- Use proper spelling and grammar so your work is comprehensible.
- Don’t bore the reader.
Most decent writers can follow the first rule almost intuitively. But oddly enough, the second rule seems to not even be on the radar for many people, and it’s critically important if you want to get your message across. Nobody wants to read fluffy, flabby writing: It obscures the point, drowning your message in worthless prattle. And one frequently used bit of grammatical fluffery, which shows up all too often in people’s writing, is known as the expletive construction.
“Expletive”? As in swearing? Well, no, but your editor might just want to utter some expletives under their breath when they read an expletive sentence. The definition of “expletive” is a word or phrase that takes up space in a sentence without adding any meaning. It’s easy to see how swear words fit the meaning of “expletive,” since they’re often used for emphasis rather than carrying any meaning of their own. Similarly, an expletive in grammar refers to a sentence that includes meaningless words that only serve to bog the sentence down. Consider this expletive example:
There are many grammatical issues that can make your writing boring.
Note the use of “there are … that”: This is a very common expletive construction. Those three words add nothing to the meaning of the sentence, though, and removing them makes the sentence much more straightforward:
Many grammatical issues can make your writing boring.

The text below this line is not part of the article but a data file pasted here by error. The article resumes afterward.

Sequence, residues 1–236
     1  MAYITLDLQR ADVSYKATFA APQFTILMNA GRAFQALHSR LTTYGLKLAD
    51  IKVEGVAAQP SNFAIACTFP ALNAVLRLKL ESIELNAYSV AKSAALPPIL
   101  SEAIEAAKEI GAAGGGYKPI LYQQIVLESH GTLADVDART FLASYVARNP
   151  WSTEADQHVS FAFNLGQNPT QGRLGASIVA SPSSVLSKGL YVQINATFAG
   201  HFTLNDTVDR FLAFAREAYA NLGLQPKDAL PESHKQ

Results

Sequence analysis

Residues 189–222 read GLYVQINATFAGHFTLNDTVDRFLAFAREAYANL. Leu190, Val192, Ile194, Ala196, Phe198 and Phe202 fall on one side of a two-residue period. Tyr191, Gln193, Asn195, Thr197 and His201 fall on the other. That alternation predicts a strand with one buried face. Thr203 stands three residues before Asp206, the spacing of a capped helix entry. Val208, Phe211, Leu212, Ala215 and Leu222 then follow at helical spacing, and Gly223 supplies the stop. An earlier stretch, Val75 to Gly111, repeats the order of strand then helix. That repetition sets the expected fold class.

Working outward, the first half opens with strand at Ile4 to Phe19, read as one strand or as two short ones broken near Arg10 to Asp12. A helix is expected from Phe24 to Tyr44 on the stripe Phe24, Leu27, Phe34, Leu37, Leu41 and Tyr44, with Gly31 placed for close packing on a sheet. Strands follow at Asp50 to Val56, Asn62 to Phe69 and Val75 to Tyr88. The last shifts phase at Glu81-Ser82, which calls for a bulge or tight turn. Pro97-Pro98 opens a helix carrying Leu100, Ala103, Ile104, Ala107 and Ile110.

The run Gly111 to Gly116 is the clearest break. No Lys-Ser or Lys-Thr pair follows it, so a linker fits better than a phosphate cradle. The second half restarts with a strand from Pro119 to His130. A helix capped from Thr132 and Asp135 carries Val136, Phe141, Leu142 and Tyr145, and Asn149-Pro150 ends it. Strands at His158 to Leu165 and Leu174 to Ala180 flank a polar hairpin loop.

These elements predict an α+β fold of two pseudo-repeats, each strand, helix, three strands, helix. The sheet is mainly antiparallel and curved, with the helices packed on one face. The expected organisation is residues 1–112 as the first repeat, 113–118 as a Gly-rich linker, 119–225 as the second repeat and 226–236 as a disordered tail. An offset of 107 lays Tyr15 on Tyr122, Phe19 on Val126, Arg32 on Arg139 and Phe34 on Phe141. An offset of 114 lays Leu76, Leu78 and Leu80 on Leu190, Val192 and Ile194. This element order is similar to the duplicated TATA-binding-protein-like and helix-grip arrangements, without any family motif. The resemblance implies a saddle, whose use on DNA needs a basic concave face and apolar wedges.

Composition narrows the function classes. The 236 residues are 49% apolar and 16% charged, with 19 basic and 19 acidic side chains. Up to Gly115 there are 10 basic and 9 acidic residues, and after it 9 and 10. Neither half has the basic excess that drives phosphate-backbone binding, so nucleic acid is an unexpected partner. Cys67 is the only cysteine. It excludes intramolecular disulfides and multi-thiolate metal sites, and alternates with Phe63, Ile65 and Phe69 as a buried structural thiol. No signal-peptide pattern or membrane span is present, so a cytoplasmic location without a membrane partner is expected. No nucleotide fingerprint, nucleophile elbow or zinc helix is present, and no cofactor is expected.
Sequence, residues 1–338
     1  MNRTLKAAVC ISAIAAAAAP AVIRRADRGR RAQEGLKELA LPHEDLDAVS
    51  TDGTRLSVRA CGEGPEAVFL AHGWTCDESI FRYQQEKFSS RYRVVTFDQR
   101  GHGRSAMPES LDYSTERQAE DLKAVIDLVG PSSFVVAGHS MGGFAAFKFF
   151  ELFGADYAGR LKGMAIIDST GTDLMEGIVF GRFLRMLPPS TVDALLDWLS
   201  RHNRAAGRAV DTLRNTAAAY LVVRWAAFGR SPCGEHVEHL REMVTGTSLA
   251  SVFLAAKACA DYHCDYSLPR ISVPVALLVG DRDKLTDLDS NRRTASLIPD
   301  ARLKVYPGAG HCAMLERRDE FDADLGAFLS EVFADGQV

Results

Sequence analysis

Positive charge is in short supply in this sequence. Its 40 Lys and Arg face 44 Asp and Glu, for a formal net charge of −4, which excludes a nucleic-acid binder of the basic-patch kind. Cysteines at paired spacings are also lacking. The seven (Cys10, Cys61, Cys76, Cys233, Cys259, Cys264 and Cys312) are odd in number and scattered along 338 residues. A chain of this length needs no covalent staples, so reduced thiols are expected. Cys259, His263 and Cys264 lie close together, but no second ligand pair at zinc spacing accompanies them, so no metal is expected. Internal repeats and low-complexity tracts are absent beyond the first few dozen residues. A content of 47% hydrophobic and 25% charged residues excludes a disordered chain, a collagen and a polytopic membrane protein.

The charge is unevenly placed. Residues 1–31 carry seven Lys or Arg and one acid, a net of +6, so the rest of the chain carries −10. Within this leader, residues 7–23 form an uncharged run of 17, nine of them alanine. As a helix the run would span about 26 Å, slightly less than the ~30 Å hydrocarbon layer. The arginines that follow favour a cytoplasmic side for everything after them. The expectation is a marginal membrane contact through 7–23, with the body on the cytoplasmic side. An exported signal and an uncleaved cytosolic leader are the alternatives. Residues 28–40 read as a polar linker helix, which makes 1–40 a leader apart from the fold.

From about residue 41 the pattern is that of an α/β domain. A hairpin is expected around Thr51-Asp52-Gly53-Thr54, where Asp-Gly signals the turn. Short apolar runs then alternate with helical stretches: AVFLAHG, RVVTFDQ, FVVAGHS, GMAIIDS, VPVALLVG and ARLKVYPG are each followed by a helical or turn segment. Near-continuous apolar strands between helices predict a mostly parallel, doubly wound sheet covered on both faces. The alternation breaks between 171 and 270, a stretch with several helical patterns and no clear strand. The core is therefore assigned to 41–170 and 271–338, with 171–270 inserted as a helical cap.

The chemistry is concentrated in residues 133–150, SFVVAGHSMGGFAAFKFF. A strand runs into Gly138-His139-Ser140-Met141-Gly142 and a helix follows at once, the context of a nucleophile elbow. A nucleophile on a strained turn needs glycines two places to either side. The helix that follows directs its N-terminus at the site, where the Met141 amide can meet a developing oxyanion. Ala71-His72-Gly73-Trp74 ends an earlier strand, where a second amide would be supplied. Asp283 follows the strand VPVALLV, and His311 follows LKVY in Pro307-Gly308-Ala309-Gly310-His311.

It might be tempting to use the expletive construction in your writing, especially if you’re trying to meet a minimum word count, but wordiness is often the enemy of clarity. An expletive sentence typically buries the actual subject of the sentence a few words in, diminishing the impact of the statement being made.If you rely a lot on expletive sentences, there’s a decent chance that you might not even have noticed that you’re doing it. The next time you’re looking over a piece of writing before you finish it, search for these words:
- There is/There are
- There was/There were
- It is/It was
Starting a sentence with any of these phrases is a telltale sign of the expletive construction.
But should you always remove an expletive phrase? Well, no. We’re not big fans of “always” and “never.” The expletive construction does have its place, but it should be used sparingly and purposefully, in order to give the reader a little mental pause before refocusing their attention on the actual subject of the sentence. Starting a paragraph with the expletive construction is generally a bad idea, and like with any rhetorical device, don’t overdo it.